Cougars and COVID: Where Did the Spirit go?


Anisah Collazo

Student council puts posters up around school to try to encourage student involvement.

Beginning the second semester, TCHS has been met with many obstacles with many school spirit activities being canceled due to Omicron, staff shortages and the weather. While the high spike of the Omicron variant on campuses has made it more difficult for students and teachers alike, it hasn’t been  the only factor for this year’s school spirit shortfall according to students.

The first year back to full in-person school has been an adjustment to many. Football stands were fuller than prior years, students could finally group together in the halls, it seemed all was back to normal until recently

Student Council helps fuel the spirit in the halls, but it’s been difficult lately as events have been postponed or canceled all together. Open house, elective fairs, and the MR TCHS PAGEANT are some of those events.

In a survey sent out to students, 57% of those who filled it out said that COVID was one of the reasons school spirit hasn’t been the same, but some students don’t think the new variant is fully to blame.

Student Council President Gabriela Hernandez says it’s been frustrating the past few years in student council dealing with the constant changes the school years have brought.

“I’ve been in student council for the past four years and these past two years have felt very different than my first two,” Hernandez said. “This time around we saw some participation, but it was still hard to get the attention of the student body.”

Carissa Rowland, a freshman cheerleader, is big on school spirit. Walking through the halls and seeing the lack of spirit from students makes her frown, she explains. For Rowland, she thought it would be straight out of a movie with people swooning for football players and students adorned in school apparel cheers ringing in the stadium for their team. 

“I definitely expected our school spirit to be like most other schools I’ve seen online during football season,” Rowland said. “Where their stands were full of school colors and students cheering on the football teams.”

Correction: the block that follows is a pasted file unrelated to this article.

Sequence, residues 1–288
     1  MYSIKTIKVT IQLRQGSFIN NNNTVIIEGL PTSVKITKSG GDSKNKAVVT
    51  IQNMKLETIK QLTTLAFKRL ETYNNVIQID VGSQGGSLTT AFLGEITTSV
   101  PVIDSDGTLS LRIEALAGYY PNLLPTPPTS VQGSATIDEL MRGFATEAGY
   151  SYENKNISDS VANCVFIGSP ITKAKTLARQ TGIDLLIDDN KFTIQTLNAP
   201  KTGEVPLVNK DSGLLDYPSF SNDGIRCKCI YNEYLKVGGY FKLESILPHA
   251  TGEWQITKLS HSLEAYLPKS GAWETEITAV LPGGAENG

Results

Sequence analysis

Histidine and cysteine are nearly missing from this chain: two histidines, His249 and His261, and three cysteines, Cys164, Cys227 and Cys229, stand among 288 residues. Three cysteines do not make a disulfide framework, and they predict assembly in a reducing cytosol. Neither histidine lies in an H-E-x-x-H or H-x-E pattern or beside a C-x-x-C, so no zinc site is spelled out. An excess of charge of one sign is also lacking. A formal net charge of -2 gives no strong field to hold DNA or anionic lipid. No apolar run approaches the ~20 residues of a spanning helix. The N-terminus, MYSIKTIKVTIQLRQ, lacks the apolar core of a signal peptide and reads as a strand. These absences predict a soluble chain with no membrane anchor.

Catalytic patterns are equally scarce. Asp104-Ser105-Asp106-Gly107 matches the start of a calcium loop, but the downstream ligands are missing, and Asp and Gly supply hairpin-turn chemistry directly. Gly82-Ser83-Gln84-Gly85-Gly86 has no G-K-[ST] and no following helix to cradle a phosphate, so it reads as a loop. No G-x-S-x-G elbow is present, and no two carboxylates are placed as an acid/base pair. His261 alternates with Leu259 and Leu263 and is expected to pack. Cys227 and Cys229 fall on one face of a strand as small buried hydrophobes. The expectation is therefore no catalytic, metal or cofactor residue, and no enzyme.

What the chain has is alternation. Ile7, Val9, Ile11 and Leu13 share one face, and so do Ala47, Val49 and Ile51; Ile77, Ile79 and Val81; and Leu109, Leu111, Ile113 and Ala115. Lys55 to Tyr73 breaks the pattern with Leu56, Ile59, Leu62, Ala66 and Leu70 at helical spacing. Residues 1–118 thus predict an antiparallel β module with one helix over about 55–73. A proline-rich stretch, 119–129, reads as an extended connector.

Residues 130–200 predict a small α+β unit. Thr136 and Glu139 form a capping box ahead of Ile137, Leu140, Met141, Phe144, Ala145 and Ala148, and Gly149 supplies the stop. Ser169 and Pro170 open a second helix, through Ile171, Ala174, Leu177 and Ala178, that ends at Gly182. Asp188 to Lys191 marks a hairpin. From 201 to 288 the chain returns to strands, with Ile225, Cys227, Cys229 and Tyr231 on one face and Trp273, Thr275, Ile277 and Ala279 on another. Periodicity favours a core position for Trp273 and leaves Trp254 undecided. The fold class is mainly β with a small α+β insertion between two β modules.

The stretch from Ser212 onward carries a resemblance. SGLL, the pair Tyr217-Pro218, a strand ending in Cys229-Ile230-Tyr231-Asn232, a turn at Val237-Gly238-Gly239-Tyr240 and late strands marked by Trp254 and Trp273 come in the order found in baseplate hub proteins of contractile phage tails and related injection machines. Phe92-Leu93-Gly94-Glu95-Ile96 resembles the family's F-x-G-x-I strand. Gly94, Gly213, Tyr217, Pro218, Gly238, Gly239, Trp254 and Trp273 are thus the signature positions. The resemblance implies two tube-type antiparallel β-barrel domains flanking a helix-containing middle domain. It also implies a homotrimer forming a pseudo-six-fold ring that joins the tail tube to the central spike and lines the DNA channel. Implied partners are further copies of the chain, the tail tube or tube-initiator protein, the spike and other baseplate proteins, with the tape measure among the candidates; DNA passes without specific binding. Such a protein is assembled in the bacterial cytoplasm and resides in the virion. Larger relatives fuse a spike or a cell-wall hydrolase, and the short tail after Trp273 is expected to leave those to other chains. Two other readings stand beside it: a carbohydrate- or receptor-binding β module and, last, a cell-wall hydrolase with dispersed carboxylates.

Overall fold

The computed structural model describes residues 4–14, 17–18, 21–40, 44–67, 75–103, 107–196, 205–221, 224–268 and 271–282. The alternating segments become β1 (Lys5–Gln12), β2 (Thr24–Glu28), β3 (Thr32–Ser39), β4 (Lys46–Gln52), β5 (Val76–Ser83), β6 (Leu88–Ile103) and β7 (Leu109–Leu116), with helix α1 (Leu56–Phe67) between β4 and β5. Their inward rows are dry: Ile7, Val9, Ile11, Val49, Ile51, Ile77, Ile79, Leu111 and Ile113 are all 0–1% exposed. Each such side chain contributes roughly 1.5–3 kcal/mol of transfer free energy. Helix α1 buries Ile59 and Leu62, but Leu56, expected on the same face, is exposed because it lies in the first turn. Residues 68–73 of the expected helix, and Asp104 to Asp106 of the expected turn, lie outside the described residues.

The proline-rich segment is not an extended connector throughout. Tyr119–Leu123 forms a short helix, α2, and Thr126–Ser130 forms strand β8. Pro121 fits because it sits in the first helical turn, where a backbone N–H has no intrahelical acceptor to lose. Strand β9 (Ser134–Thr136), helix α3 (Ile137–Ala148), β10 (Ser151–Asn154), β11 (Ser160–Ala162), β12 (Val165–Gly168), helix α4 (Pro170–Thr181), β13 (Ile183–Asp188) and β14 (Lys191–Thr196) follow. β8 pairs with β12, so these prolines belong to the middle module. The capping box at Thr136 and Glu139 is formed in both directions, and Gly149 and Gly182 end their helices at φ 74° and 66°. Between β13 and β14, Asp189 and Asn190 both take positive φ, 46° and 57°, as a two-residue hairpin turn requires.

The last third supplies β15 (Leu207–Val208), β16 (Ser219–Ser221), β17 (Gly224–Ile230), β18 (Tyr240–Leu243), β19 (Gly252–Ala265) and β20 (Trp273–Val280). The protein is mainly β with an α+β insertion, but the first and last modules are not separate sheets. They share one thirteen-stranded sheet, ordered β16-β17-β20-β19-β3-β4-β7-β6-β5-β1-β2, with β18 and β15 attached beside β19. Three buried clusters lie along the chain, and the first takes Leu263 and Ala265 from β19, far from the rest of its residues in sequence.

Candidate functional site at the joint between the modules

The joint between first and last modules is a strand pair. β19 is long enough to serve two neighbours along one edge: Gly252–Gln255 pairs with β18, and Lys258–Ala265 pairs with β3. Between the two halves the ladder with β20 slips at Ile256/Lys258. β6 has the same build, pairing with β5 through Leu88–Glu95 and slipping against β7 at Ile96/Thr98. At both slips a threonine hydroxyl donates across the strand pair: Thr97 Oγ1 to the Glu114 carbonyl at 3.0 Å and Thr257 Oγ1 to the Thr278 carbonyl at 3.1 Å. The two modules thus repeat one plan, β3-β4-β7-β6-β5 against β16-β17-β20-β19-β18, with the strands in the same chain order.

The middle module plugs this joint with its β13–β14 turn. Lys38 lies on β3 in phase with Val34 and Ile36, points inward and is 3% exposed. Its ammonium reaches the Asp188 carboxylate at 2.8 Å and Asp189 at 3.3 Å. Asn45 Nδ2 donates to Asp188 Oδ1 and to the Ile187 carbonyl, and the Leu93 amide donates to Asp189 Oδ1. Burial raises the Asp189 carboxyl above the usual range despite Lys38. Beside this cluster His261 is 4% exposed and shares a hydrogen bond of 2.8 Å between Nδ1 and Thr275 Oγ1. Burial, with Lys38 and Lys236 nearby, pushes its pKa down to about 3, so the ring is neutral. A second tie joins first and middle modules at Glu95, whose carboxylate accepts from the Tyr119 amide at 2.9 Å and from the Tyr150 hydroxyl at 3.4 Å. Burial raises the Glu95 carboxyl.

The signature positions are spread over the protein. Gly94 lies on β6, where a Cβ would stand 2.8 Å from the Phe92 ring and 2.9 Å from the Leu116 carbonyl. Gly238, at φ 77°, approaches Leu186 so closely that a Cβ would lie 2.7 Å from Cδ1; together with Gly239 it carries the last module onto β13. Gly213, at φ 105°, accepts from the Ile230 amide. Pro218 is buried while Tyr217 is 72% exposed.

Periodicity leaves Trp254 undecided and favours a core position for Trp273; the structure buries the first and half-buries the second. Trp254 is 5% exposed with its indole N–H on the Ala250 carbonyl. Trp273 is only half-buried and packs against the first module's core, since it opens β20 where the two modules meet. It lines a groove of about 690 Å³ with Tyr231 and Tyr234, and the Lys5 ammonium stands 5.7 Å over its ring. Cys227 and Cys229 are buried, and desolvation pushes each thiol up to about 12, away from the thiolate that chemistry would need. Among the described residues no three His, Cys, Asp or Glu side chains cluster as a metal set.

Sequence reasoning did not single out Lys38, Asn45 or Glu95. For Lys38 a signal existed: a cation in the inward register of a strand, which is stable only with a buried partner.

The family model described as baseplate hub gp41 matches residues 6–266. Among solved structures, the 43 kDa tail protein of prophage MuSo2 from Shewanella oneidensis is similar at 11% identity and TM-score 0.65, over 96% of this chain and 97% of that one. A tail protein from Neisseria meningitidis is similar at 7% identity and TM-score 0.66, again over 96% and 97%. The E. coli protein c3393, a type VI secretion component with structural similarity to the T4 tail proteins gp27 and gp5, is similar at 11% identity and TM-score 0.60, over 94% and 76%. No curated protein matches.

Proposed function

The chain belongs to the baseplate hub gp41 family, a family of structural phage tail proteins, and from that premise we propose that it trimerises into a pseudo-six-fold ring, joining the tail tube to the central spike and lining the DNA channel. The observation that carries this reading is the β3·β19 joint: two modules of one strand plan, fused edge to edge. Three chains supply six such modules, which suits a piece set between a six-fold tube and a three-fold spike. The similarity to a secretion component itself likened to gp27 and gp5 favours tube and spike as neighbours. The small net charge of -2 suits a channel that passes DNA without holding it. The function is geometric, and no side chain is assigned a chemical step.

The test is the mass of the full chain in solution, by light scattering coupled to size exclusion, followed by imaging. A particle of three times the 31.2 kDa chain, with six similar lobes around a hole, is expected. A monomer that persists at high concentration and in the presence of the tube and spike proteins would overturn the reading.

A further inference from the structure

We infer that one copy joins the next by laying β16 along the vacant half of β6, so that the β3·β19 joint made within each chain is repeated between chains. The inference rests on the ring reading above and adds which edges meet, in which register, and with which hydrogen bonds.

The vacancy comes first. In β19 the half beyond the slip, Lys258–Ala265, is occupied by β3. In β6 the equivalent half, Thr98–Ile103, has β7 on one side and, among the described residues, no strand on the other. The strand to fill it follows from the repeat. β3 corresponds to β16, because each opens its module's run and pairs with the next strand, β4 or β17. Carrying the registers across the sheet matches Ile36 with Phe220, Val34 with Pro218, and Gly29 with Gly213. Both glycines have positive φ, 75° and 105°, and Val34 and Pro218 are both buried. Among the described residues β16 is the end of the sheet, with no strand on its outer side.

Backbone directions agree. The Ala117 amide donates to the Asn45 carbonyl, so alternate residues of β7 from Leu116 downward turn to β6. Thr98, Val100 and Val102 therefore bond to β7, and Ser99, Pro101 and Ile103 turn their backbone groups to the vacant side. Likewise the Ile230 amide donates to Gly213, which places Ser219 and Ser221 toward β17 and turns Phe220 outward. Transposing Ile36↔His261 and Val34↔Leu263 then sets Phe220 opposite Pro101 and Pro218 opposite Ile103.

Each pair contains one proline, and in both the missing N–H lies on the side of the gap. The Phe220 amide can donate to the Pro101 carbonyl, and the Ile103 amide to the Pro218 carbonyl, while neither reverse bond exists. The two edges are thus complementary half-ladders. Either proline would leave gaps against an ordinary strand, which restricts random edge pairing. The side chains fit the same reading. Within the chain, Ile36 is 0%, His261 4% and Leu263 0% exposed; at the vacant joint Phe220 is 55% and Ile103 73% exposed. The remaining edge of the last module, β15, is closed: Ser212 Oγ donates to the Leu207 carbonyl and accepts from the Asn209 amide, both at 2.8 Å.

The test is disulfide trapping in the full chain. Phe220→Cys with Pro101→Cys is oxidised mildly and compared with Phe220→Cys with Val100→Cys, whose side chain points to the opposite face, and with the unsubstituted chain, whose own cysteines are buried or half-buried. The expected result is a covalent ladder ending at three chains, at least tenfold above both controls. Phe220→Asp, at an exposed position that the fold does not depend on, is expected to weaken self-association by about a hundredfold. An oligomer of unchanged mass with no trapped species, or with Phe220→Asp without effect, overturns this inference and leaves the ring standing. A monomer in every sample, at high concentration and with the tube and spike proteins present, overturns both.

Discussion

In the same survey asking students about school spirit an overwhelming majority concluded that the main reason for the lack of school spirit is that fellow students did not participate. Taking a closer look as to why students do not participate, one surveyor mentioned that they just didn’t have the clothes for some of the bigger dress up days. 

Junior Thomas Caouette participates in the more simple spirit days and says that it would be a great idea to see more spirit days supporting other sports and school organizations. 

“I participate to have fun, to show a little school spirit, to show that I’m involved and know that I’m involved,” Caouette said. “If I notice on a poster saying to wear such and such color and I know I have that color, it’s easy.”

In an effort to get other students involved in spirit days Rowland tries to get her friends to participate and dress up with her. The lack of students participating could fall on the lack of communication for spirit days and events, 44% of surveyors said that limited communication prevented them from participating. 

Rowland explains that more social media posts would be the best way to reach students as she has observed students repost spirit posters for their friends and peers. Student council has all social media platforms @tchsstuco where they post reminders of different events and pictures of participating students. They are most active on twitter. 

“I feel most students think it’s cringey or weird to join in on spirit days,” Rowland said. “I feel like if everybody was more inclusive, and the posts were more entertaining to students, they’d be more likely to join in the spirit days.”

Hernandez stressed that student council welcomes suggestions from the student body whether they’re in the club or not. She says being president is something that she loves and she wishes that she could do more for the student body. Hernandez wants student council to support the whole student body in different activities.

“In the past we have done Stuco night at different sporting, academic, and music events. These past two years have been a bit difficult due to covid and it has been extremely hard to get students to attend some of these events,” she said. “We still try to remind everyone of these events and try to show support anyways we can.”